BANGKOK — Standing like monarchs before him on the balcony of the gilded Grand Palace in front of a sea of yellow-clad supporters, Thailand’s newly crowned King Maha Vajiralongkorn addressed tens of thousands of supporters Monday, his first public speech as king.
“I and the queen are pleased and delighted to see the people having goodwill, and being here all together to show good wishes for my coronation,” he said as supporters cheered. “Your unity in showing your goodwill is a good sign for everyone to do good things for the prosperity of the nation.”
His appearance before the public, ahead of a reception for Thailand’s diplomatic corps, ended an opulent and costly three-day coronation event, the likes of which this Southeast Asian country hasn’t seen for almost 70 years.
The elaborate ceremonies for Vajiralongkorn, 66, come nearly three years after his ascension to the throne following the death of his father, King Bhumibol Adulyadej, in 2016. The coronation was initially put off as Thailand marked a year-long period of mourning for the king, and then was delayed without explanation until May 4.
Royal pomp and ceremony in Thailand, for centuries an absolute monarchy and since 1932 a constitutional one, is unlike anywhere else in the world. On Saturday, a 16-pound cone-shaped crown — the Great Crown of Victory — was placed on Vajiralongkorn’s head, marking his official transformation into a deity-like figure.
In Thailand, the monarch is revered as a living god. On Sunday, the king was carried through Bangkok in a royal procession, lifted up on a gold throne by 16 men as about 200,000 onlookers lined the route.
Hundreds of thousands similarly gathered on Monday for a glimpse of the new king. Among them was Viroj Thanmas and his family of four, all Muslims who were fasting on the first day of the holy month of Ramadan.
“We haven’t eaten since 3 a.m.,” he said, sitting close to the palace hours before the king’s appearance. “But we don’t feel tired at all. We want to be here to witness this historic day in Thailand.”
Supithsa Moadsakool, 40, arrived with three friends at the palace before noon, almost five hours ahead of the new king’s scheduled appearance, to ensure that they had a spot in the plaza right in front of the balcony.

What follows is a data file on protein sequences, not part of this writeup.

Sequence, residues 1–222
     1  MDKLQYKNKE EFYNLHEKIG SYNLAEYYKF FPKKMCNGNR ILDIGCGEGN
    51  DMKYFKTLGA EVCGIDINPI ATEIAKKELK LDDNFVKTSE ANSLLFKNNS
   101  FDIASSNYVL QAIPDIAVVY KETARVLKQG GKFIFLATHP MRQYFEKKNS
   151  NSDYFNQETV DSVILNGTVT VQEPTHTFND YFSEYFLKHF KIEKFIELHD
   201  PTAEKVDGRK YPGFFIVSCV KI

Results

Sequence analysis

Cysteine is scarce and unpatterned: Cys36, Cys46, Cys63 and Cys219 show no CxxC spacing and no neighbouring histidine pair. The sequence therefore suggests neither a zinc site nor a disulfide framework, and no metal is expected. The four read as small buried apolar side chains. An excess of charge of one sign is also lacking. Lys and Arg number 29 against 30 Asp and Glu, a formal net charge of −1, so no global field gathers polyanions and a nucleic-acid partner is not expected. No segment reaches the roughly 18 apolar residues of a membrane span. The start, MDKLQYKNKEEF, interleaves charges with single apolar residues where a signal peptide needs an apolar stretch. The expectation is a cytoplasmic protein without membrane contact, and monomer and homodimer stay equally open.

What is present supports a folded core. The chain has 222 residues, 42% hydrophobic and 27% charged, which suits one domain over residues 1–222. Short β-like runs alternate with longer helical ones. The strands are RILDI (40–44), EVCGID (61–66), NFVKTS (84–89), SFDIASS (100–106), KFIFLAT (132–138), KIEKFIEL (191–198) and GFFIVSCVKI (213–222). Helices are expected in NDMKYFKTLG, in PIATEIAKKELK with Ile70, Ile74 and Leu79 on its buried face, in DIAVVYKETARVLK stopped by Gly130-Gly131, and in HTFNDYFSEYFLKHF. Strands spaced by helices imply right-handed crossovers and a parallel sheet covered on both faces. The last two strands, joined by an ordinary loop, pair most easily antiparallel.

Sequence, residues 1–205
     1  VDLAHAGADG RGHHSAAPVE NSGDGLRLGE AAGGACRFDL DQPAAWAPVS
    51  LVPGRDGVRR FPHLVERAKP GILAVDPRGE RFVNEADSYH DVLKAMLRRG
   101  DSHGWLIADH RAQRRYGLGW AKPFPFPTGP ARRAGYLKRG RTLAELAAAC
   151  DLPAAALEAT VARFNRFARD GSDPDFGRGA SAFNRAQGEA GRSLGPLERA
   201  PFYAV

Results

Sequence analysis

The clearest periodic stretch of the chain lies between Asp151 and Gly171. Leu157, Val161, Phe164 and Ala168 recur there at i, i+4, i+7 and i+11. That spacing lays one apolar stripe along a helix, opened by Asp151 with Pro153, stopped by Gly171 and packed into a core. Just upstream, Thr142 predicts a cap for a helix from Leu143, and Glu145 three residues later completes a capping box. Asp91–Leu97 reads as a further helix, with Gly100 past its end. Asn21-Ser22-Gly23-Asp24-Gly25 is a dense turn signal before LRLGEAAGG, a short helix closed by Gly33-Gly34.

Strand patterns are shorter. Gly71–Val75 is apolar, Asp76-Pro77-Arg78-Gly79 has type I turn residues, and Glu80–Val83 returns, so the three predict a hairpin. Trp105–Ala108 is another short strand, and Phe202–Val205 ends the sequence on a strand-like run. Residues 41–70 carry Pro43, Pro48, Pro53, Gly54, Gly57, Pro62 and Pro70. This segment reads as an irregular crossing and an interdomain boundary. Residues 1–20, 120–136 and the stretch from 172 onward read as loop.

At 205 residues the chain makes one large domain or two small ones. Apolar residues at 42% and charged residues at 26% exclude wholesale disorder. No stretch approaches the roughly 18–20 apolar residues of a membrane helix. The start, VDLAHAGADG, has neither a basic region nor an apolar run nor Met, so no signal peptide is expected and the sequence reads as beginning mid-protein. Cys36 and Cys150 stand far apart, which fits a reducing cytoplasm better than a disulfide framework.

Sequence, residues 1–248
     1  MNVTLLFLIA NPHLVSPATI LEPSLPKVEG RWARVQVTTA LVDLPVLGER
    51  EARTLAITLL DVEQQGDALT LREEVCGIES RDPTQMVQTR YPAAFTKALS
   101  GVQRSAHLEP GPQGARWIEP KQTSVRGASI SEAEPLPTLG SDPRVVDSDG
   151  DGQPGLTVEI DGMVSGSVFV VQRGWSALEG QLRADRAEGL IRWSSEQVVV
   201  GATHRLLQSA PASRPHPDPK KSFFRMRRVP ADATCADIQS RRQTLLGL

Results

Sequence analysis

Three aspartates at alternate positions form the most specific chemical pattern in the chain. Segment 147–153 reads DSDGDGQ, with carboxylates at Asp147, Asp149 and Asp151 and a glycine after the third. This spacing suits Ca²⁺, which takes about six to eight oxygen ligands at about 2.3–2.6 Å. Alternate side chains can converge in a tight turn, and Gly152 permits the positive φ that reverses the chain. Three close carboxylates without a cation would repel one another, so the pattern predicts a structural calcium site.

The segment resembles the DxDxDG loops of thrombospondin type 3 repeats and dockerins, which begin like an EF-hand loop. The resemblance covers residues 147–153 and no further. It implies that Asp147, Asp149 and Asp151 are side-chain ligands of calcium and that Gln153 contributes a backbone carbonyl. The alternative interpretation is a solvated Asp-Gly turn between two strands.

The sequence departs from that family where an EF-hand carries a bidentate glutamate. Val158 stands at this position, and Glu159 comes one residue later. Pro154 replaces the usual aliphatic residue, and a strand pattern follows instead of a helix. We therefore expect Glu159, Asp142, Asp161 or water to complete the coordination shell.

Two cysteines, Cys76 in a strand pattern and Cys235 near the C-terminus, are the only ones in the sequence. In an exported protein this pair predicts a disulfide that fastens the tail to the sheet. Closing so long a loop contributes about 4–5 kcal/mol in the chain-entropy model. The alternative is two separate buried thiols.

“Over the past few years, we have been grieving the loss of the king,” she said, referring to Bhumibol, also known as Rama IX. “Now we can celebrate a joyful occasion.”
Vajiralongkorn will be known as King Rama X, the latest monarch of the Chakri dynasty, which has ruled Thailand since 1782. He is the only son of Bhumibol, and the second of his four children. He was educated in Britain and Australia and served in the Thai army until he was named heir to the throne in 1972.
His coronation comes at a delicate time in Thai politics, after an election widely considered a referendum between military rule and democracy produced inconclusive results. Electoral rules were changed ahead of the March vote to give the ruling junta, which took power from a democratically elected government in 2014, a clear upper hand.
The junta has also billed itself as the protector of the palace’s place in politics, while observers say Vajiralongkorn has asserted a bigger political and economic role for the monarchy under his reign. The king also effectively derailed his elder sister’s bid to become the prime ministerial candidate for a party linked to exiled politician Thaksin Shinawatra, raising questions about how far the palace can and should intervene and participate in the political system.
Junta chief Prayuth Chan-ocha, who is seeking to extend his term as prime minister, was front and center in much of the coronation rituals, and he read a blessing to the new king on Monday evening.
“We — the civil servants, military, police and the people — will be loyal to you and the Chakri dynasty for life,” Prayuth said. On behalf of the Thai people, he wished the king a long life.
Just days before his appointment, Vajiralongkorn appointed as his queen Suthida Tidjai, a 40-year-old former flight attendant and his fourth wife. One of his prior wives, actress Yuvadhida Polpraserth, was exiled to the United States after Vajiralongkorn accused her of adultery. Another, Srirasmi Suwadee, had her royal title stripped after allegations of corruption among her family.
Criticism of the monarch is criminalized under Thailand’s lèse-majesté laws, the toughest in the world. Yet, in hushed tones, some Thais and analysts point out that Vajiralongkorn’s reputation and standing differ from those of his father, who, as the world’s longest-reigning monarch at the time of his death, was widely beloved nationwide.
The coronation tied Vajiralongkorn closer to his late father. He wore the same gold-embroidered black hat that his father did when he ascended to the throne. The balcony in the Grand Palace was also where Bhumibol greeted the public for the first time after his coronation. He would appear on the balcony annually on his birthday, Dec. 5, until his health declined. His last appearance was in December 2012, when he delivered a speech calling for compassion during the political crisis at the time.
The supporters gathered before Vajiralongkorn on Monday, however, saw no difference between the father and the son.
“The more we love his father, the more we love him. Father and son are not different to us,” Thanmas said. “Both of them are the kings of Thailand, the center of the Thai people.”